FOREVER CHIC … Le Femme Francaise d’un Certain Age



I am a woman of a certain age.  La Femme Francaise d’un Certain Âge

It is my wish on my birthdays to celebrate a life well lived.  To celebrate with elan, grace, elegance, humor and a glass or two of Champagne.  To celebrate with family and friends.  To celebrate with cake and sparklers.  To celebrate with joy and happiness this life of mine.

FOREVER CHIC by Tish Jett is a book divulging French women’s secrets for timeless beauty, style and substance.  What makes this book different is the advice is for older woman.   The significant chapters deal with hair, skin care and fashion.  Take your little black book and pencil in the lists, the suggested products and the ideal must-have fashions.  Some of the products may not be available to you or prohibitively expensive but there is an encouraging abundance of excellent ideas.

If you have little time for this type of book you can skim read the mantras that make French women  appear younger than their years and more stylish than runway models.  But their thoughts on beauty regimes and fashions  will inspire and encourage you to accentuate your strengths and conceal your weaknesses.



I don’t understand how a woman can leave the house without fixing herself up a little  –  if only out of politeness.  And then, you never know, maybe that’s the day she has a date with destiny.  And it’s best to be as pretty as possible for destiny.” – Coco Chanel

I am not embarrassed to admit I never leave the house without  make-up and the right clothes for the occasion.   Sometimes it is simply bright red lipstick, perfectly pressed chinos  and a classic white shirt.  It is never t-shirts with silly words, flip-flops and baggy ripped jeans.   This does require effort and discipline but organization makes it possible.  I do like to do things the easy way.  Perhaps I am a little bit lazy.  But if all parts of my life are tidy and in order.  If my closets are organized. If my shoes always put away cleaned and polished.   I can accomplish anything.  It is not possible if you live in chaos.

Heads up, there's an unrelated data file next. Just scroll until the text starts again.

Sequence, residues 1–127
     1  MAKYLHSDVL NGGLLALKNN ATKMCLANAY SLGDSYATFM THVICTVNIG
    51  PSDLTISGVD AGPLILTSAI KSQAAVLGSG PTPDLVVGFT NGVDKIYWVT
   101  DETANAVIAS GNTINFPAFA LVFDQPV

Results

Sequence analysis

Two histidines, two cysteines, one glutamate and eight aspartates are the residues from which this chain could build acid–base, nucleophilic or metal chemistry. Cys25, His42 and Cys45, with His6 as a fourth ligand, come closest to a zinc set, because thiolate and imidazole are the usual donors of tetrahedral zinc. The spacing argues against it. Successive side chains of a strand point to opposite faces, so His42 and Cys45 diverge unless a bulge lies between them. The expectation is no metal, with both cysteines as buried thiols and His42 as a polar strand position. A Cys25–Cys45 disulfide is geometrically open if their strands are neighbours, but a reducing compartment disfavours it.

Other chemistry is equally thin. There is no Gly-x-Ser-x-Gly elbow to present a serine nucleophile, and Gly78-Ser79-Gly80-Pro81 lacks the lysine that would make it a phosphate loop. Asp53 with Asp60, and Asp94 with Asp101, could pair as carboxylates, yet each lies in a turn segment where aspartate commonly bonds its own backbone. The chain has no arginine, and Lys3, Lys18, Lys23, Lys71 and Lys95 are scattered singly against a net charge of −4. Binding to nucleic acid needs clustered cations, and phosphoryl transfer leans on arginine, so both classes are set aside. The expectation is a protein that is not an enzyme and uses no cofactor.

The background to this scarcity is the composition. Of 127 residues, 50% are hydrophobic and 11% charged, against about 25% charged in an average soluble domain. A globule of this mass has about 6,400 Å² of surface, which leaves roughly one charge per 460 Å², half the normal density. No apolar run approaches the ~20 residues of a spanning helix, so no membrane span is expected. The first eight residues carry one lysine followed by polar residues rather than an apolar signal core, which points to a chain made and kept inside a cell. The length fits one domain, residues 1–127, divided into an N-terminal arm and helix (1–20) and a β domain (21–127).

The situation for women of a certain age is this.    The children are grown up.  You have less obligations. You may live alone.   Perhaps you have retired.   Why not look your very best? Recently I went to a convention for women volunteers.  I was late arriving and sat in the back row.  From this vantage point I looked at the back of about 300 women well over a certain age.  The majority of the women had their steel gray hair cut so short that from where I sat it looked like a room of men dressed in women’s clothes.

FOREVER CHIC is inspiration and encouragement for those of us getting older.   Why not do it the French way – with grace and style.








There is no doubt in any woman’s mind – the Parisian woman is the epitome of chic.    She is a fashion maven but not a fashion slave.   Style follows her.

Oh that we could be that woman.  One pours over fashion magazines.  The answer is not there.    The Parisian woman’s style is a state of mind.  No matter who you are.  Where you live.   How much you spend on fashions.   How old you are.   You can have Parisian chic.


Four engaging, stunning and accomplished Frenchwomen – Anne Berest, Audrey Diwan, Caroline de Maigret, and Sophie Mas collaborate  i n a witty, irreverent, funny tell-all book  HOW TO BE PARISIAN WHEREVER YOU ARE  *  Love, Style, and Bad Habits.

“Fashion rules the world and Parisians rule fashion.  Fine, it may not be true but the world still needs fairy tales.”

How can you not love a book that tells you how to be mysterious and sensual AND look natural.   It’s a very, very funny quick read.  When you finish the book you’ll feel so very, very chic and très Parisienne.  Can you ask for anything more?

P.S.  If you are single there some chapters you might just devour.   Others, depending on your age, you will ignore.  I promise you this.  You definitely will dress with more elan. Even cook differently.    It won’t cost you a fortune.  You will fill wonderful.







“”I’ve brought you something from Paris”.

She wiped the gray dust of Paris from her valise.  Unfastened the buckles.  Out tumbled yards and yards of linen.



“This is what I found the second time I went to the Sunday Flea Market.    It’s  métis – tea toweling.  It’s made to the exact width and all you have to do is cut along this woven line in the weave and voila  you have your towel.”




I caressed the fabric, feeling the glazed finish that protected the fibers.

“It’s beautiful. There’s enough fabric to make  a set of four tea towels.”

The fastidious French kitchen required tea towels to be in sets of four, each with a loop for hanging.  The quartet of towels were used for separate tasks – hands, glassware, dishes and cutlery.


The well appointed French kitchen had a towel rack with four hooks.  Each hook labeled for the corresponding towel.

Mains, verres, couteaux and vaisselle” said my well-traveled friend. “You’re clever with a needle.   Embroider your initials in red.     If you ever send them to the blanchisserie (laundry) you identify your tea towels.”


I will cut and sew and embroider my tea towels.  I will hang them from loops in my French butler’s pantry.   I will take joy, much joy in the simple beauty of a tea towel.